Let's take a more detailed tour then of the FT20's features and functions, highlighting use and performance as we go. Starting at the front, and the boxy faceplate of the FT20, like its predecessors, features the regular trio of the aforementioned lens, narrow window for the integral flash, plus self-timer/AF assist light indicator alongside it. The flash is set far enough away from the camera's edge to avoid fingers obscuring it, and there's a raised edge or 'swelling' alongside it by way of a handgrip, even though the surface is quite slippery, and when handling with dry fingers.

On the Panasonic's top plate we have lost the built-in mono speaker which has now shifted to the bottom of the camera, with a small hole housing the built-in mono microphone on top. The on/off button, which is recessed and level with the bodywork to prevent accidental activation, is positioned to the left of the raised shutter release button, and, as we've previously mentioned, the dedicated camcorder-like red record button for shooting video clips is on the right, its function highlighted in case you weren't certain of the fact by the movie camera icon stenciled alongside it. Over at the far right hand edge - if viewing the FT20 from the back - is a lug for attaching a provided wrist strap: a useful addition if you're skiing down a black run with it.

Panasonic Lumix DMC-FT20 Panasonic Lumix DMC-FT20
Front Side

Press the FT20's power button and the camera readies itself for activity in just over a second. Press the shutter release button down fully to take a photo and, with no discernable shutter delay (or rather 0.005 seconds as officially tested), a full resolution JPEG is committed to memory in 2-3 seconds, the screen briefly blacking out before displaying a frozen image of the captured shot. Panasonic also claims the FT20's AF, or rather the aptly named 'Sonic Speed AF' is 28% faster than its older FT2 predecessor. Whilst we can't vouch that precisely, it's certainly as quick as anyone would want from what at the end of the day is a point and shoot pocket camera.

With two thirds of the camera's backplate taken up by its toughened 2.7-inch, 230k-dot resolution LCD screen - incidentally also the same spec we found back on the FT1 - which self adjusts brightness levels according to ambient light levels at the time, it's to the right that we find the familiar smattering of operational controls. It feels slightly odd that the camera's zoom is operated by a pair of adjacent lozenge-shaped buttons, located at the top right hand corner, rather than the familiar rocker switch; because, to move between wideangle and telephoto options, your fingers have to perform a little dance between them, rather than just press harder at one edge to effect an alteration to the framing. With the camera's lens at its widest setting from the off, a press of the right hand (telephoto) button and its travels through the focal range slowly but steadily and moreover nigh silently, in around three seconds. The zoom can also be utilized when recording video clips, but slows down further to avoid mechanical noise being a distraction, taking around five seconds to get from wide to tele setting.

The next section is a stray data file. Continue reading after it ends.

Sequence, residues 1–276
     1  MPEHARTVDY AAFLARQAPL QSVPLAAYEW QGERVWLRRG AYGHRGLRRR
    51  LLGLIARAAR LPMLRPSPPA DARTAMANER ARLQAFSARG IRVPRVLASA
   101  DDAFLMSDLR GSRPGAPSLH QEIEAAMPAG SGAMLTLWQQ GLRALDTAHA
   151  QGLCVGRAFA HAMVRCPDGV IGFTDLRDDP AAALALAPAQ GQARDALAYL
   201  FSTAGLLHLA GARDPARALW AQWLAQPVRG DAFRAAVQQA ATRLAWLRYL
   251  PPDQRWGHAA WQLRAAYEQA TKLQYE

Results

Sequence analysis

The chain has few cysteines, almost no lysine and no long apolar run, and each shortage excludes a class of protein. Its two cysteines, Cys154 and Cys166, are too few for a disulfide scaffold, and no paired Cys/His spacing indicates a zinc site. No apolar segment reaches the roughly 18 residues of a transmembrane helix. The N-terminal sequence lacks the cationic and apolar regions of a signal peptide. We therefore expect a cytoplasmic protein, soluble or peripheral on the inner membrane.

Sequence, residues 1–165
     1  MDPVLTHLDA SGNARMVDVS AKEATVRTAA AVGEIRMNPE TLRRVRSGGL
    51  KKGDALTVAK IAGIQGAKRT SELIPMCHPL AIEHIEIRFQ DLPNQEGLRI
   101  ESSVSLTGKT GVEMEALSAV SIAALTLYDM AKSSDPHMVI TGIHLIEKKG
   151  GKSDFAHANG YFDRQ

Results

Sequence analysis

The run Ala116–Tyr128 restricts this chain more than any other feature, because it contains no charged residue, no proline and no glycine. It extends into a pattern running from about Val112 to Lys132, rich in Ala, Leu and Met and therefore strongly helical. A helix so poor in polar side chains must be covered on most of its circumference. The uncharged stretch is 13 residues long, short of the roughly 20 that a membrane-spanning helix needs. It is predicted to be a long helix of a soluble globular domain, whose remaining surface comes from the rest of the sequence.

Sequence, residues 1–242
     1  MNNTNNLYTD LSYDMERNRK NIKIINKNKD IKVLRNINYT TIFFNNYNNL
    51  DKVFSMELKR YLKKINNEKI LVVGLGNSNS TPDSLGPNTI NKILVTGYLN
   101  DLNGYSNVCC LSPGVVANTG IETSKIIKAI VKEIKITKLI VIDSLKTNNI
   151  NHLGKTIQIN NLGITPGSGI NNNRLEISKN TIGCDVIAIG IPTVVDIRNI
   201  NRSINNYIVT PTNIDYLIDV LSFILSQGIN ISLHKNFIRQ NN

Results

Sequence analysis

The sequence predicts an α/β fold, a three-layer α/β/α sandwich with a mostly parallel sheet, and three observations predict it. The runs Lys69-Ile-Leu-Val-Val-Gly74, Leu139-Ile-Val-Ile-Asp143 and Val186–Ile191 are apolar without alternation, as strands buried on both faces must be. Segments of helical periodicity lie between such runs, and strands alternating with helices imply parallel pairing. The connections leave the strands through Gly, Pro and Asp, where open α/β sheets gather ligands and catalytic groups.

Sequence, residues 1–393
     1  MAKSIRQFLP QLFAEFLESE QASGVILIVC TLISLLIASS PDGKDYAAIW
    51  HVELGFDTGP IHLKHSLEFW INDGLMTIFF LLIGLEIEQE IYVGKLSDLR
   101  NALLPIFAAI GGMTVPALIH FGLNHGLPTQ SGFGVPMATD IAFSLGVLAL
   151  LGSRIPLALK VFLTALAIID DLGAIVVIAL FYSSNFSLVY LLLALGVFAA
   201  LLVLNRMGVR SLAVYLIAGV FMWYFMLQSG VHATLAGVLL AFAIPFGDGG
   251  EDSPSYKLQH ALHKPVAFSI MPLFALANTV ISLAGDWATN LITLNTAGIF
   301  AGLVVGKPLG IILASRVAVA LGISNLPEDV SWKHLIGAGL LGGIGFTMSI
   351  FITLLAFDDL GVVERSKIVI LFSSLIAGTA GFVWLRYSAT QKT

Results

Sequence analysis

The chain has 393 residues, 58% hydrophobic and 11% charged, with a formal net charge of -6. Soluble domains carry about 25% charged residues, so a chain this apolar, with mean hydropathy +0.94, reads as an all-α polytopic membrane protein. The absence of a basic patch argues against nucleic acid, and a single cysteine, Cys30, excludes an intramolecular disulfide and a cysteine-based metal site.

There's nowhere really to place your thumb/s at the back of the camera when shooting handheld. As a result the thumb of the right hand skates across the controls for playback and aforementioned shooting mode button, whilst that of the left hand inevitably finds its way onto the screen itself. With capture mode inevitably the camera's default setting there's no control button thus named. We get 'playback' for reviewing images and just need a half press of the shutter release button if a photo opportunity should present itself to enable us to jump back into capture mode - a set up we prefer to having to otherwise flick a switch between the two settings anyway.

Beneath these two buttons is a regulation issue four-way control pad/cross key set up with equally familiar menu/set button at its centre for firstly calling up the former on screen, and secondly effecting changes to the offered settings with a subsequent press. At 12 o'clock on the surrounding pad is a means of tweaking exposure compensation (+/- 2EV with an on-screen slide bar provided), then as we move around clockwise we find a means of adjusting flash options (auto, auto with red eye reduction, forced flash on, slow sync flash with red eye reduction and flash off), then selecting macro setting for close ups (as close as 5cm) and/or self timer (an option of two or ten second countdowns).

A press of the menu/set button meanwhile brings up a trioof icon-distinguished folders on screen, including the regulars of still Recording, Motion Capture plus a third option of Setup. The contents of the first photo record folder are split across four screens if you have the camera in 'normal' shooting mode and run the gamut of picture quality and size settings along with the ability to adjust aspect ratio from 4:3 to 3:2 to 16:9, and, more unusually on to 1:1.

Panasonic Lumix DMC-FT20 Panasonic Lumix DMC-FT20
Memory Card Slot Battery Compartment

We also get intelligent ISO among the ISO settings, and the ability here to select incremental stages from ISO 100 up to ISO 1600 as one would normally, which is a fairly modest range as previously mentioned. White balance can also be adjusted manually, whilst AF mode can be swapped from the default 1-area AF to 23-area, or to spot AF, or by contrast AF tracking, as well as to face detection mode if you're going to be taking portraits in the main. It's here that we also find the colour mode options, which, as back on the original FT1, can be altered from the default of 'standard' to vivid, B&W, or sepia.